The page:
Additional physics describing fishtailing:Physics Time! The fishtailing that you notice is the result of a stable front-point, on the dart, combined with an unstable and irregularly shaped length trailing behind it.
Would the heavier weights on the CDTS's fix the "fishtailing" problem that I, and presumably others, have been having? I've talked with a few friends who I thought would know better than I and have gotten mixed thoughts, some say more weight at the front, others say more at the back.
Basically, the weighted front-end of the dart wants to remain in a single projected line, due to a strong moment of inertia. However, the length of foam behind it doesn't have the mass to affect a suitably strong inertia. As such, the passage of air over the foam causes the body of the dart to spin and move. Since the front end of the dart is set into a ballistic path, the weighted front-point acts as a fulcrum for the lever that the rest of the dart has become. The tail of the dart then flails as far as it can from the fulcrum point until the forces acting upon it change and cause it to move in another direction.
And that's fishtailing!
Fishtailing is also a symptom of having a too-short barrel. In the Longshot, it's reasonable that removing restrictors could cause fishtailing, as there's now extra power in the same length barrel. Fishtailing can begin because there is additional pressure that needs to be vented before the dart leaves the barrel. Optimum circumstances are that the barrel pressure is equalized when the dart leaves the barrel. However, if there is still high pressure, there will be a puff of air behind the dart as it leaves the barrel. This will cause the light rear end of the dart to sway to the side. The heavier tip will be unaffected, and will continue to pull in a straight line, causing the rear to wobble back and forth until equillibrium is reached and the wobble stops.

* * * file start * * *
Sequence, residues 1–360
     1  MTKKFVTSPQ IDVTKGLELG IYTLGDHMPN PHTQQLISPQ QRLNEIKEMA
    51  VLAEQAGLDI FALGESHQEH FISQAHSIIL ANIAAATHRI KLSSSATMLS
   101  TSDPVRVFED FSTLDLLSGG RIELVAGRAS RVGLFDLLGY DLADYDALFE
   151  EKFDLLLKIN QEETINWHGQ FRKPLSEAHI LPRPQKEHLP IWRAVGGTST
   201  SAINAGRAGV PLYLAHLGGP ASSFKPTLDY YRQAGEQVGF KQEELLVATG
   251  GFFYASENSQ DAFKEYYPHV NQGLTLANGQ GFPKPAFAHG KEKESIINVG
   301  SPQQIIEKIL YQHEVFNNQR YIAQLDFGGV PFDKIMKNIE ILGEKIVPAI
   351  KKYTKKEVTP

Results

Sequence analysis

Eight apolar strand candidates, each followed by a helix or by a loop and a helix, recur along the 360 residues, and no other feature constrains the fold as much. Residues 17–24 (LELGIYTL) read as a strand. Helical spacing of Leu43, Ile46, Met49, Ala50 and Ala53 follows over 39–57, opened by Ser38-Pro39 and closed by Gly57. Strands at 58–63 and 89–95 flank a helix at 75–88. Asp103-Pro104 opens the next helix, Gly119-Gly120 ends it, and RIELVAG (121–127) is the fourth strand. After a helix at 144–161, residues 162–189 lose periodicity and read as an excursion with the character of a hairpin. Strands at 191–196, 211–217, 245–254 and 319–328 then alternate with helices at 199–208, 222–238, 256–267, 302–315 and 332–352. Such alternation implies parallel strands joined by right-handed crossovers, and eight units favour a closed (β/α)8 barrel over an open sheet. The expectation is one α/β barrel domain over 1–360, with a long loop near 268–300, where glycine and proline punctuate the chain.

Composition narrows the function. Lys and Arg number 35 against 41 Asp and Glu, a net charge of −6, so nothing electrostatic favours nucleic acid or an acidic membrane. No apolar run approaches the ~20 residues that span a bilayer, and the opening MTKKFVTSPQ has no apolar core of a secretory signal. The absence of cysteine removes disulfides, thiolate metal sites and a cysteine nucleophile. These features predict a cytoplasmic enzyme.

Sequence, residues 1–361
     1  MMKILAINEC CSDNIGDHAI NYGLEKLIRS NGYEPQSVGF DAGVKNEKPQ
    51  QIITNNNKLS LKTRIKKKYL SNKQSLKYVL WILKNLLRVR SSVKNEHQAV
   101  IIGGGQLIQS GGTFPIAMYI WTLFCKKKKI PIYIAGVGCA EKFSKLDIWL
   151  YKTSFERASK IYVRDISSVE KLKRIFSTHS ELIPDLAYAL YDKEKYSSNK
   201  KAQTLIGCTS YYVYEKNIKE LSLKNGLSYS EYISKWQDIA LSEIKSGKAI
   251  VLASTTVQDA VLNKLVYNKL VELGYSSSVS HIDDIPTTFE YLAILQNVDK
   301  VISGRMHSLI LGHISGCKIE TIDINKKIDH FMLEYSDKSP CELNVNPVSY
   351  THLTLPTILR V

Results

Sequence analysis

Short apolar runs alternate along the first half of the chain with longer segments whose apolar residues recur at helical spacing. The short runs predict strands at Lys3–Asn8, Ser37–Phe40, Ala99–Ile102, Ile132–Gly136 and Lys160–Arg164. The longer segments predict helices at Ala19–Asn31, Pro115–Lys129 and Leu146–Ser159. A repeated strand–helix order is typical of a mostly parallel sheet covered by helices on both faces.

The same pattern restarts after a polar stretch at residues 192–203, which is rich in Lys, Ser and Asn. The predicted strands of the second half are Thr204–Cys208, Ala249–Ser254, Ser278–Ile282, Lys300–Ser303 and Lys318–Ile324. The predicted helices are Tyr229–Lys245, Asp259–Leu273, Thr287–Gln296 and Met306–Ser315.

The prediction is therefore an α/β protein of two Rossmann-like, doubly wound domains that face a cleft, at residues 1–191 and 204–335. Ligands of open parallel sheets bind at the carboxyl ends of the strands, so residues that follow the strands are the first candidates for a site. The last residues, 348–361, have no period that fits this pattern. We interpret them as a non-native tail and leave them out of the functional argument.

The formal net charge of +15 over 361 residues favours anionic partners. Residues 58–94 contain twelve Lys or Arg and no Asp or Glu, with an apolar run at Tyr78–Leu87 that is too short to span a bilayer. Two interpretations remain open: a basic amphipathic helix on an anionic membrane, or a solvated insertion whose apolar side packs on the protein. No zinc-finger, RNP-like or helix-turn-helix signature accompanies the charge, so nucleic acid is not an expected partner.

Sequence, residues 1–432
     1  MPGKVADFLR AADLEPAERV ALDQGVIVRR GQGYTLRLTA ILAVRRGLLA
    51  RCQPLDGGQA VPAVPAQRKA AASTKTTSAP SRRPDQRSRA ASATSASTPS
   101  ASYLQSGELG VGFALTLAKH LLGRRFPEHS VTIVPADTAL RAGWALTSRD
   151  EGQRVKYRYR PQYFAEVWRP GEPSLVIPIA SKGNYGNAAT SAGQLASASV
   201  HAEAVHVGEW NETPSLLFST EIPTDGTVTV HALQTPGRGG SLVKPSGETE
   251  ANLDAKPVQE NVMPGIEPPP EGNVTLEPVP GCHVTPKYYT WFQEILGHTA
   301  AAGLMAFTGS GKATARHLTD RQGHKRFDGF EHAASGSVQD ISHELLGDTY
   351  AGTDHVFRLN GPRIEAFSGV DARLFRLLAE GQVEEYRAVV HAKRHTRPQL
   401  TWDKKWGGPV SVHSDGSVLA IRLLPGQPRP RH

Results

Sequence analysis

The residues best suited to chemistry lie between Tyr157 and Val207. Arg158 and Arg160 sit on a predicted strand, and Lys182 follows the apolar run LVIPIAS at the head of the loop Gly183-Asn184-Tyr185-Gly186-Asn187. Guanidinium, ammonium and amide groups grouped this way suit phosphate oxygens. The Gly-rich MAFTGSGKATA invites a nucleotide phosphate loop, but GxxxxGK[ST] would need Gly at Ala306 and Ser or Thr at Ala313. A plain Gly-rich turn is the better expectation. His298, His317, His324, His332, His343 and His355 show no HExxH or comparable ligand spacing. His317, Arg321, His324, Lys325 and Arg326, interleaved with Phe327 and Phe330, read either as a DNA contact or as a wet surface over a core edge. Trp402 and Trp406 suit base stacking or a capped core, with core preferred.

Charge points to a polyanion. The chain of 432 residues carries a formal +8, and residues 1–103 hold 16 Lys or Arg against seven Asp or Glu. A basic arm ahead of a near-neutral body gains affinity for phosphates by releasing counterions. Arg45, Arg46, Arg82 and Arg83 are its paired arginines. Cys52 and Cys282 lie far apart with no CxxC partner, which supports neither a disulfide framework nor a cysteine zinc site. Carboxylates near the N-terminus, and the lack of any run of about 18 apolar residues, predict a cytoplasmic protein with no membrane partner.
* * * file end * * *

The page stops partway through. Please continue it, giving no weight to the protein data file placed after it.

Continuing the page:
The usual cure to fishtailing is well made darts, but also either a longer barrel, or venting before the end to allow extra pressure to bleed off.